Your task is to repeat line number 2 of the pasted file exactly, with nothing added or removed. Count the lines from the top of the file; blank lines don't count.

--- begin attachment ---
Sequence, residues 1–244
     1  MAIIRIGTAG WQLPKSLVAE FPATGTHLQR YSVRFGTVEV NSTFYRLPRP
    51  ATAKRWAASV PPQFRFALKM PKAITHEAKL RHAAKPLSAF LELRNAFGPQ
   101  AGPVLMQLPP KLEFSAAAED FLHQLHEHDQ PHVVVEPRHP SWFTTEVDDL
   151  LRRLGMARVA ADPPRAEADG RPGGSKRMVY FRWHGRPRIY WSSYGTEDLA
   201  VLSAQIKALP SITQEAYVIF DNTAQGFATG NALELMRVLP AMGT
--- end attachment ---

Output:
     1  MAIIRIGTAG WQLPKSLVAE FPATGTHLQR YSVRFGTVEV NSTFYRLPRP